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1979 450SL Interior and dashboard refresh

11449 Views 104 Replies 13 Participants Last post by  miko1aj
Hi everyone,

Spinning up a new thread to document the journey of refreshing the interior. As some of you may know Eleanor is getting ready for a respray so I thought it's a good opportunity to kill two birds with one stone so to speak. The scope of works as I see it right now includes:
  • replacing bottom and back pads in the seats,
  • fresh parchment vinyl on the rear quarterpanels and soft top deck,
  • fitting new safety belts but re-using original buckles and inserts,
  • redying the lower portion of the dashboard, central consolet, handbrake cover,
  • lacquering the wood trim.
  • other bits and pieces as they come up.
Right now I'm still ripping out the guts - I'll be adding notes and pics as I progress the journey. The great news is that there's no rot issues, which is always a good thing but especially so with a 40-year old R107 chassis :D
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Looking forwards to sitting back with my feet up. FYI the pad on the passenger side bulkhead does not look original. May be worth having a look behind it.
Eagle eye Jim! Well spotted.

All is good behind it, what you see is butyl soundproofing membrane applied to the original foam, which we discussed in the other thread. I removed both passenger and drivers side a few years ago when removing the rot in the corner of the floor pans.
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be REALLY careful with the soft top panel cover. There are a whole series of pins and tabs. Also it has the absolute craziest design for holding a thin metal crosspiece in position. It feeds into plastic at each end- very brittle. When I had the car painted they obviously shattered the plastic when removing the trim. I only tried to remove it to take some wrinkles out of the corners-- That was a giant PITA and I never did get the wrinkles out. When You put on new vinyl don't try and glue it all at once. Do it in stages. When you get it apart you will see why. I have some pics somewhere.:)....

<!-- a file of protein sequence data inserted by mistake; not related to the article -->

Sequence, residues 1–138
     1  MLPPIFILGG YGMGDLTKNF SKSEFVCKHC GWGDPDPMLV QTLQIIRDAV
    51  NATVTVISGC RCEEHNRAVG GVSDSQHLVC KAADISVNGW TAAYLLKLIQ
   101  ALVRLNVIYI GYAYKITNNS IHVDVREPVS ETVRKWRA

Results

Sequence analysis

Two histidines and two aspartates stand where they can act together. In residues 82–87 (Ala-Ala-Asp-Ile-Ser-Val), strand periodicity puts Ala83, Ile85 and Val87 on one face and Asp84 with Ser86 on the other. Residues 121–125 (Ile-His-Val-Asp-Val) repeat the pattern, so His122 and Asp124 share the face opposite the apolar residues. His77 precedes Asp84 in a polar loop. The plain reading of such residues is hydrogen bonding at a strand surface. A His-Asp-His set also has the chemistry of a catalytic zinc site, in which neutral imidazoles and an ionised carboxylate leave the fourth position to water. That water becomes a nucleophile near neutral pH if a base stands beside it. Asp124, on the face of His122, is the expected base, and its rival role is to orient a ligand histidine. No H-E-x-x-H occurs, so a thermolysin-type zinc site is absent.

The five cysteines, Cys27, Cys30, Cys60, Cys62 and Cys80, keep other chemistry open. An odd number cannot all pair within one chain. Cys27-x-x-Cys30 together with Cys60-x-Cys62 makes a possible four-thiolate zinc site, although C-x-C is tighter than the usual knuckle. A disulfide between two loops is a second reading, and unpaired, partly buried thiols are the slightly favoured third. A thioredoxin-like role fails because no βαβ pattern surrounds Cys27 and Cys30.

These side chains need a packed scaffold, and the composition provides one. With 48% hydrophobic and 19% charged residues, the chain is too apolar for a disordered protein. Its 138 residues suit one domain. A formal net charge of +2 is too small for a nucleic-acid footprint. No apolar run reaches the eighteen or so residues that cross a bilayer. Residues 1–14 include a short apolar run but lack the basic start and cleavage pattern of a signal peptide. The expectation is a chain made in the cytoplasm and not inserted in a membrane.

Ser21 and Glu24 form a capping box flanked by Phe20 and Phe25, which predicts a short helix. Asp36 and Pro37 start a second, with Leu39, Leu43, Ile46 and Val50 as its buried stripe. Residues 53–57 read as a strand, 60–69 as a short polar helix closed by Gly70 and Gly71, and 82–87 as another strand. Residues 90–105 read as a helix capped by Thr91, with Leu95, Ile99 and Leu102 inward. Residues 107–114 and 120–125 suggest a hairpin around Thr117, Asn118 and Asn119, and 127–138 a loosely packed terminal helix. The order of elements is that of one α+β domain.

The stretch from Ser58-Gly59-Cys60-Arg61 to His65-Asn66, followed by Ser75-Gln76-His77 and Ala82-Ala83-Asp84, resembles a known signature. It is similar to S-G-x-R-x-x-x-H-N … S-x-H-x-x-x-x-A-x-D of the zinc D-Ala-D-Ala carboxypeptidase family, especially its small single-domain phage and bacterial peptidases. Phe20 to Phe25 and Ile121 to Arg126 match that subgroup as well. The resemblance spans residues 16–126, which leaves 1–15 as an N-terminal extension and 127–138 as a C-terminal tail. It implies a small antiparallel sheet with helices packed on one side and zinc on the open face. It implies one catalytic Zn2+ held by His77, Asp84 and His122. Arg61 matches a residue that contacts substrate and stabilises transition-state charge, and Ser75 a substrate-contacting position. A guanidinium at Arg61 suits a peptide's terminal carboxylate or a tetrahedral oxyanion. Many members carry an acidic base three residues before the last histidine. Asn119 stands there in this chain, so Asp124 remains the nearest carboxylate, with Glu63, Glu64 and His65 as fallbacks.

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Some pics as promised.Note the metal tabs on the crosspiece need to be straightened to remove it. Also glue needs un-sticking. Also, You will probably find the "foam "backing of the vinyl has disintegrated-( see the yellow stuff remaining) so you will need new padding. The padding on the large black plastic side bits s/be ok- just be gentle when taking off the vinyl. It should only be glued underneath. Good luck, it's a bloody fiddly job.


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Excellent Aussie - thanks a million for the pics, very useful & I'll print them out for reference though won't be doing this job until probably Jan as the car needs the respray first. I'm still considering outsourcing it, I found a local shop and looking at their website they may be able to deliver. I haven't chatted to them yet, but will do the gut test soon :D